Sunday, September 1, 2013

Getting to Base Camp

Sunday morning, 9am. The day starts up: a plane drones over; a lawnmower comes to life down the street. The cats and I have had breakfast. When I start late, it works for me to meditate after breakfast, not before, though that's against all the 'rules'. Feeling hungry is too much distraction. And life itself distracts; if I decide to do it before lunch instead, I might never get to it.

I like to come out here early, when the day is fresh. The machinery noises have gone now, and some nearby bird is chirping, softly and briefly. It is the first day of Spring. This time last year, Adam went home (back to Melbourne) in the afternoon, after visiting Andrew in Heritage Lodge in the morning. He had been here several days, and felt there was no more he could do, as well as no more he could stand.

'Goodbye, Dad,' he said, knowing it as the final goodbye. Andrew was deeply loved by all his children, and loved them deeply. Remembering, I'm struck by the sadness in that moment. At the time, it was one piece of a larger, ongoing, all-encompassing sadness.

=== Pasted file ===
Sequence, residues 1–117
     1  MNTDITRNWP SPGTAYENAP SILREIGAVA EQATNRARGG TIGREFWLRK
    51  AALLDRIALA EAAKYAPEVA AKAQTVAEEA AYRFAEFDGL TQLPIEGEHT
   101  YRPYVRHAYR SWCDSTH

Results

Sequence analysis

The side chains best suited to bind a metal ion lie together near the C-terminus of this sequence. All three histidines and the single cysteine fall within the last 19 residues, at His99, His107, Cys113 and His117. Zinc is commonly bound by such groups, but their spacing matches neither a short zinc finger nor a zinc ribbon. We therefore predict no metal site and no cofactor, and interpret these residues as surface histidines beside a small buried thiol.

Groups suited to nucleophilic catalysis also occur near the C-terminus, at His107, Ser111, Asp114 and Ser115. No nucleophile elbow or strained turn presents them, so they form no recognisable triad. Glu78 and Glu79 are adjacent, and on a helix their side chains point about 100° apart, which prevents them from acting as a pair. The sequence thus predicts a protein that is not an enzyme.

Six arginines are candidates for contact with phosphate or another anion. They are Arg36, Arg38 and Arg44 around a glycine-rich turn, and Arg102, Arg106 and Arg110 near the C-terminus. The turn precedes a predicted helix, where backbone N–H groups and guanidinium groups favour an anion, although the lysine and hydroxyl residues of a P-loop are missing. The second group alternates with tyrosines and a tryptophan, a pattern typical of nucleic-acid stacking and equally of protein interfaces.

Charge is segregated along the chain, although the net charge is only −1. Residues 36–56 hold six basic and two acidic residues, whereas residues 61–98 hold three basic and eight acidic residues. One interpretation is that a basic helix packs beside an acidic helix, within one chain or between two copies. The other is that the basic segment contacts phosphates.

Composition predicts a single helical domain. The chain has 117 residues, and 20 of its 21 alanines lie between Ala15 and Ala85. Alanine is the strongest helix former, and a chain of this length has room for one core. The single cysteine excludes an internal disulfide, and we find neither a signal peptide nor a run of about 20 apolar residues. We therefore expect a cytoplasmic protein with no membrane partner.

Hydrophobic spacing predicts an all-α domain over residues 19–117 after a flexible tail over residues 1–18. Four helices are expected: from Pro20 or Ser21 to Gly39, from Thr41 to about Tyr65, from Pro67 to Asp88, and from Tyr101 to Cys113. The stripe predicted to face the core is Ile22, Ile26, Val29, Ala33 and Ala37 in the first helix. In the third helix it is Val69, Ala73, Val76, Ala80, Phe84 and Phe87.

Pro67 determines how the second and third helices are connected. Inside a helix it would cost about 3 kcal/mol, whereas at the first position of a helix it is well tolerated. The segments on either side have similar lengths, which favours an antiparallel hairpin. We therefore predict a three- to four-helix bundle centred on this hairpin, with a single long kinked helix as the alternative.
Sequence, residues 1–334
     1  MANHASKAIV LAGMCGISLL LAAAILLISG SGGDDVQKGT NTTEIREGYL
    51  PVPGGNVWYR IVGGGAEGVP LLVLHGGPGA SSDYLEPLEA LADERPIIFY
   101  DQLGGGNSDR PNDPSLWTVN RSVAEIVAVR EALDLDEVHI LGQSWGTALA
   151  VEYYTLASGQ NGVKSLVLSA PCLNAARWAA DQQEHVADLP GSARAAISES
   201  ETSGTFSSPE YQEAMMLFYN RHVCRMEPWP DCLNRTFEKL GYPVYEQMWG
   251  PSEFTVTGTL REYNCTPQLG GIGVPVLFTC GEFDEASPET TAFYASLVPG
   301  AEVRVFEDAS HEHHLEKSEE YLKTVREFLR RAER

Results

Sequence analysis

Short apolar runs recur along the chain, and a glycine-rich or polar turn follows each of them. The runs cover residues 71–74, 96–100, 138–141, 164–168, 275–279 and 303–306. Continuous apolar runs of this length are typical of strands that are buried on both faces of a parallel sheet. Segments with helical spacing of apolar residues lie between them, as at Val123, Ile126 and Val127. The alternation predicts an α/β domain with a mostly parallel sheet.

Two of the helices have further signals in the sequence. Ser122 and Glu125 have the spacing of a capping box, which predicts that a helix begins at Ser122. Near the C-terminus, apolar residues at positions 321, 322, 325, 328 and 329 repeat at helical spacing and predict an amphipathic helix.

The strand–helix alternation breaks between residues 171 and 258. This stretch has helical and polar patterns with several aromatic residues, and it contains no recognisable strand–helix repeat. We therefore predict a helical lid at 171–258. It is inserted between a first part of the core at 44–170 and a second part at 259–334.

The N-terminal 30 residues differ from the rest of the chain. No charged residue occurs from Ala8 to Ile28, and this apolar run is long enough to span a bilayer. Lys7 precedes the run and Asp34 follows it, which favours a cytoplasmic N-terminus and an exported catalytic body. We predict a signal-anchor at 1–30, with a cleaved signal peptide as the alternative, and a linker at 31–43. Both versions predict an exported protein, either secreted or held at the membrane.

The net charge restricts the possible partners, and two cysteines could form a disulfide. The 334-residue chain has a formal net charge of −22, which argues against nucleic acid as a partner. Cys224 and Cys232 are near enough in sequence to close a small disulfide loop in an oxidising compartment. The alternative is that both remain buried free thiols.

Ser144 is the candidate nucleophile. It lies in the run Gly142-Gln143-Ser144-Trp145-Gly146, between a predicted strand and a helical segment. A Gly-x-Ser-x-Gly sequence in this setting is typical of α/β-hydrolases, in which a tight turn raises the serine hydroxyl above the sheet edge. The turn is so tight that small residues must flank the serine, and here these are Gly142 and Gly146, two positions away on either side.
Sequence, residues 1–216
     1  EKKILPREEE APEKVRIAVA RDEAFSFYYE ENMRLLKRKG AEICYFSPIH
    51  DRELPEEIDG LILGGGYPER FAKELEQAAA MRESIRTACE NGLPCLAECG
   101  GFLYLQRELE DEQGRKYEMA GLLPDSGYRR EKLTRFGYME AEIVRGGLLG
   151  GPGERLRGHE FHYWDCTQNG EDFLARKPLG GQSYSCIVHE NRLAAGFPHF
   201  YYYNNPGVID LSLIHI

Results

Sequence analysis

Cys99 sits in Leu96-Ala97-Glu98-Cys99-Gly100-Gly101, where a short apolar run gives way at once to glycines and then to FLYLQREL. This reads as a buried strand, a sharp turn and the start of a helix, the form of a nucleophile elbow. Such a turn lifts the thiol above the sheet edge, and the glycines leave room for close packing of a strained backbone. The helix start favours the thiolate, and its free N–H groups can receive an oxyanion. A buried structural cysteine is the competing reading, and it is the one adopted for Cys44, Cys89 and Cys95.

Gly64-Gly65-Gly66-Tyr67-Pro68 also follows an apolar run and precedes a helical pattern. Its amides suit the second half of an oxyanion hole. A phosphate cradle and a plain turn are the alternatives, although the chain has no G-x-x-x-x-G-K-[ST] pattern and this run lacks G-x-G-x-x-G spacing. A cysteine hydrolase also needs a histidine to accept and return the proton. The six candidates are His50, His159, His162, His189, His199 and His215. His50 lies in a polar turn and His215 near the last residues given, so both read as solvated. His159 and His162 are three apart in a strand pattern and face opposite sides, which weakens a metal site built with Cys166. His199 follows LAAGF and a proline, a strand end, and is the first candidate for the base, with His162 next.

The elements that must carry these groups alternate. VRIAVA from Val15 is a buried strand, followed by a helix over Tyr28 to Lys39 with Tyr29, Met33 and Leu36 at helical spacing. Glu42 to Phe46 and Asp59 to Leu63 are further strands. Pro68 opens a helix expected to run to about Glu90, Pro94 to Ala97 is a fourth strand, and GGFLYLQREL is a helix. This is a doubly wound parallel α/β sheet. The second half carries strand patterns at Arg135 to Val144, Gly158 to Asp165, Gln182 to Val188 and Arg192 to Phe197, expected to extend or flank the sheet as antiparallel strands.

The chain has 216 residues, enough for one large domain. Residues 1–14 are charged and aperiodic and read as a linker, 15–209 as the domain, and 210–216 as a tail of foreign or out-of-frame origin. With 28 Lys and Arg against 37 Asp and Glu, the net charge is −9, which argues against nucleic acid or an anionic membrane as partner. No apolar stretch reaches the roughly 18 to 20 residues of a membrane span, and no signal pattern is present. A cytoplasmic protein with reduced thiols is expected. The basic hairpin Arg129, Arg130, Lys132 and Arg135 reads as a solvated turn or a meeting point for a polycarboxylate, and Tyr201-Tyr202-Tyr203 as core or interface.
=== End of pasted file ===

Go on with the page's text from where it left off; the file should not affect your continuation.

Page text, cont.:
On the first of September last year I wrote a poem (a tanka): 

in Spring
the time of new life
my dear love
makes ready to travel
to the Summerlands

And indeed, two days later he went. The anniversary is now so close! I cannot believe a year has gone by already. A year in which I have been focused on getting through grief and widowhood as best I could, a day at a time. I am reminded of what my psychiatrist said, many years ago when I was in therapy: 'Just keep putting one foot after the other —and after awhile, if you look back over your shoulder, you'll see that you've travelled quite a way.' Yes, a whole year, step by step.